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What They're Saying About "Modernization"

• Oyango Snell, Washington, D.C. lobbyist for insurers pushing “modernization”: “No company can promise that rates will go down with reform and modernization.”

• Asheville Citizen-Times editorial: “This push looks like a great deal for insurance companies. It looks to hold nothing but risk, and lots of it, for consumers.”

• Fayetteville Observer editorial: “Hang onto your wallet, they’re going to take another shot at ‘reforming’ our car-insurance system. Calling it reform would be funny if it wasn’t likely to be so expensive for car owners. For at least some of our lawmakers, it appears it’s more important to give insurance companies bigger profits than it is to keep our insurance rates low. … From a driver’s viewpoint, the North Carolina system is about as good as it gets, with low rates for good coverage.”

• Wilmington StarNews editorial: “It’s easy to see what’s in these bills for insurance companies, but there isn’t much in there for drivers. What the companies want is the right to raise rates, or to cherry-pick the cheapest risks while raising premiums, even on good drivers. … This is consumer-unfriendly legislation.”

• Rocky Mount Telegram editorial: “North Carolina’s insurance coverage is a good deal. It covers drivers in the 10th most populous state in the country at an affordable rate. … Of all the challenges facing the N.C. General Assembly, auto insurance system changes shouldn’t be one of them. Leave the system as it is.”

• Byron Storms, President of GMAC Insurance: “North Carolina drivers pay the 7th lowest auto insurance rates in the country. Why would any elected official or any North Carolina driver support changes that may cause auto insurance rates for more than 1 million drivers to increase significantly? We believe that young drivers and older drivers will likely see their rates skyrocket. Why would anyone want a system like that here?”

• Lee Morton, North Carolina Regional Vice President for Nationwide Insurance: “We appreciate the value of North Carolina’s unique, low-cost system, which is fair to all drivers, protects consumers from unjustified rate hikes, and encourages everyone to buy insurance, to the public’s widespread benefit. We do not believe the people of North Carolina want higher auto insurance rates, less independent oversight, more uninsured drivers, or a more volatile insurance market, which is what we think they would get.”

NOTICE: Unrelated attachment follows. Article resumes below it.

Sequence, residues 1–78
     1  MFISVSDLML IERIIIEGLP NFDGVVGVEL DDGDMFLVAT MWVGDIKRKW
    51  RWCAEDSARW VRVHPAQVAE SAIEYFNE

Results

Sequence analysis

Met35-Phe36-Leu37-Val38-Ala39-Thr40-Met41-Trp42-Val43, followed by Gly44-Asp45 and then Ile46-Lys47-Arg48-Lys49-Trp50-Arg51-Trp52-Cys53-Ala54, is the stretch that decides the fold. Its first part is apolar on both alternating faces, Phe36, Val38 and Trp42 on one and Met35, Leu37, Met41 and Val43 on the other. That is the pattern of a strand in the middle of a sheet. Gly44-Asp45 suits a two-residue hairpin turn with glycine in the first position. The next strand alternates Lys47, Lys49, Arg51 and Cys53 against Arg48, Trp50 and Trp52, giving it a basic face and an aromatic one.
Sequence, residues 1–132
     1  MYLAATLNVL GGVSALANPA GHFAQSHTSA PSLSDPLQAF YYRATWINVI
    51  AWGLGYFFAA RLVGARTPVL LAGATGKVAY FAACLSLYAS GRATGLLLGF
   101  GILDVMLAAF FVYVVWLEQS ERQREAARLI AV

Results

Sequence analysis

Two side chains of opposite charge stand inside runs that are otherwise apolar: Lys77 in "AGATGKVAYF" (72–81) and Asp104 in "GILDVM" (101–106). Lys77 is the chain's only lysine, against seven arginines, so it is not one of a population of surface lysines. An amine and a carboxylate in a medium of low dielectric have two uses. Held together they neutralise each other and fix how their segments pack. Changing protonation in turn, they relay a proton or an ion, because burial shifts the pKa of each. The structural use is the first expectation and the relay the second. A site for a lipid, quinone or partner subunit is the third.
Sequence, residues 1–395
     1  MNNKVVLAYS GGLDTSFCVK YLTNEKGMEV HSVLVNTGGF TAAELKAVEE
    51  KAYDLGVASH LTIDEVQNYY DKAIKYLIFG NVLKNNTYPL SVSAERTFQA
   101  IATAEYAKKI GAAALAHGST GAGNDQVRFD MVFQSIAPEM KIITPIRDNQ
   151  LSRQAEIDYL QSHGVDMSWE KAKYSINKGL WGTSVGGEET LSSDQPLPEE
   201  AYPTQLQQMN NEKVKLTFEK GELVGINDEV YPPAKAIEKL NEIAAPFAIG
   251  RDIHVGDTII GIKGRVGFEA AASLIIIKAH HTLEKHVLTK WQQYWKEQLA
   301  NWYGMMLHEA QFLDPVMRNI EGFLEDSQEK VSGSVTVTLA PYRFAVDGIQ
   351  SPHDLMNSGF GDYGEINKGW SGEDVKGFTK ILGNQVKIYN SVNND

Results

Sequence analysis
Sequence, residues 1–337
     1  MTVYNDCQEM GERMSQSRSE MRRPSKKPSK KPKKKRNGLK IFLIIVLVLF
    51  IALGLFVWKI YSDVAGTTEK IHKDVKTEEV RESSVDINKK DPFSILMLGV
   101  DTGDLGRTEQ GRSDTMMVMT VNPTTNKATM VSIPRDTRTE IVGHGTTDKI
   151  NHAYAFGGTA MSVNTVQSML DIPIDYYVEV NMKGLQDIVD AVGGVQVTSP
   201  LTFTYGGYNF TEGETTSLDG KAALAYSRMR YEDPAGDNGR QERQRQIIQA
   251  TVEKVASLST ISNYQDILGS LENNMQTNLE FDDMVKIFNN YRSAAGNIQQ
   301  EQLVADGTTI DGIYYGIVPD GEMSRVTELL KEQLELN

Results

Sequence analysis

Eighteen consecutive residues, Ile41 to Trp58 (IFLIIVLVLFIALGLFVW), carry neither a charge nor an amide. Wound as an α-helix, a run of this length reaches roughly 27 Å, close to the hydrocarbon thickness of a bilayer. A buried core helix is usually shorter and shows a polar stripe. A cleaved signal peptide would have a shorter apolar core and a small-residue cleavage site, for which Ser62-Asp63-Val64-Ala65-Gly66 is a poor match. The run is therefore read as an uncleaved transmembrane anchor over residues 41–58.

• Steve Carroll, Executive Vice President, N.C. Farm Bureau: “We should not change our system just because it is different. It provides stability and predictability and helps achieve the balance of attainability and affordability that is necessary for the protection of both insureds and the public. North Carolina’s system provides a highly competitive market, as evidenced by the strong advertising and marketing efforts of the industry.”

• Doug Dickerson, North Carolina Director, AARP: “For many in the state, the ability to own and operate an automobile is a lifeline to employment, food, medical appointments and other necessities. According to insurance industry statistics, drivers in North Carolina already benefit from the nation’s third lowest auto insurance rates. A legislative proposal to let companies raise rates 12% a year will have serious impact on North Carolinians who already are dealing with higher medical costs, rising utility rates, and higher prices for food and gas. Rising insurance rates could easily lead to immobility and to people being forced to break the law by driving without insurance coverage. AARP rejects SB 154 and HB 265 because these proposals are ones we cannot afford.”